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And although the figures suggest older people are involved in less accidents than younger motorists, on average they tend not to drive as far or go out as much in poor driving conditions or at night.

As we age, a number of changes occur that can have a dramatic effect on the way we drive. Our hearing, eyesight, reaction times and all-round mobility deteriorates gradually. In addition, many older drivers may be on regular medication and this could also have a detrimental impact on reaction times and awareness levels.

It’s vitally important that elderly drivers have regular health checks with their GP to make sure they are fit to drive, although the fear of being advised against getting behind the wheel could act as a deterrent.

As far as eyesight goes

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You must be able to read a vehicle registration plate from 20 metres away in good daylight. You must have a good field of vision, and, if you are prescribed glasses or contact lenses, you must wear them.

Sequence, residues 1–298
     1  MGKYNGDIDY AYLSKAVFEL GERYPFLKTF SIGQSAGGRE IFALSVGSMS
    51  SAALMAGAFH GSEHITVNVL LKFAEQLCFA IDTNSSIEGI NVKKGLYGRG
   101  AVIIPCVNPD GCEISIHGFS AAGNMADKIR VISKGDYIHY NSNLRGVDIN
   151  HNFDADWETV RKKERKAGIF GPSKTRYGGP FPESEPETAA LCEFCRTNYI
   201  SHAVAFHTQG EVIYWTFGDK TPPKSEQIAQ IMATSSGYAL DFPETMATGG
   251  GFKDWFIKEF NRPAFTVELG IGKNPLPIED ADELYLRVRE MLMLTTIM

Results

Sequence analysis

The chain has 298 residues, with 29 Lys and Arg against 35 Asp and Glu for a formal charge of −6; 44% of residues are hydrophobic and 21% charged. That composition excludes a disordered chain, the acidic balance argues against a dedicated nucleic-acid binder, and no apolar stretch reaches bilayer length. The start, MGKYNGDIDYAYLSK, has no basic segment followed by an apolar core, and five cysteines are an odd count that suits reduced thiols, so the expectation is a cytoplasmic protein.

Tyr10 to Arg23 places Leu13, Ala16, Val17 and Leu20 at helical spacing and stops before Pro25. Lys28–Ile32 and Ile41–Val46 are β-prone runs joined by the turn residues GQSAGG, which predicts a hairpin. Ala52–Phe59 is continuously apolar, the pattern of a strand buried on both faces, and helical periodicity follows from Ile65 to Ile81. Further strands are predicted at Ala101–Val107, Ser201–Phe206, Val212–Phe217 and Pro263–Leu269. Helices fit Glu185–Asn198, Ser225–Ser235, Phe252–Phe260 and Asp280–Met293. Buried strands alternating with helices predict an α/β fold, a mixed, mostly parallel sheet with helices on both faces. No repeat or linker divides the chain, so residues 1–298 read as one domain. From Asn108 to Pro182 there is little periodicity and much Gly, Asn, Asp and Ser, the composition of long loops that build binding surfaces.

Another aspect that older motorists should consider is their car. Safety features, especially driver aids, are incredibly advanced in newer vehicles and many feature city brake assist systems that can automatically help prevent a bump at lower speeds. Accidents involving older vehicles can be a lot more severe as they often have less crash protection and the shock, along with longer health recovery times, can be dangerous for older people.

But with our ageing population a real factor, we need to be aware that people are living longer and that driving a car offers real independence before we hastily take a person’s licence away. However, Brake is a campaigner for greater investment in affordable, safe and reliable public transport to ensure older people have a decent alternative to get out and about.

In the meantime though, if you are unsure whether or not you need to report any medical condition, then consult your GP or ask the DVLA or DVA for advice.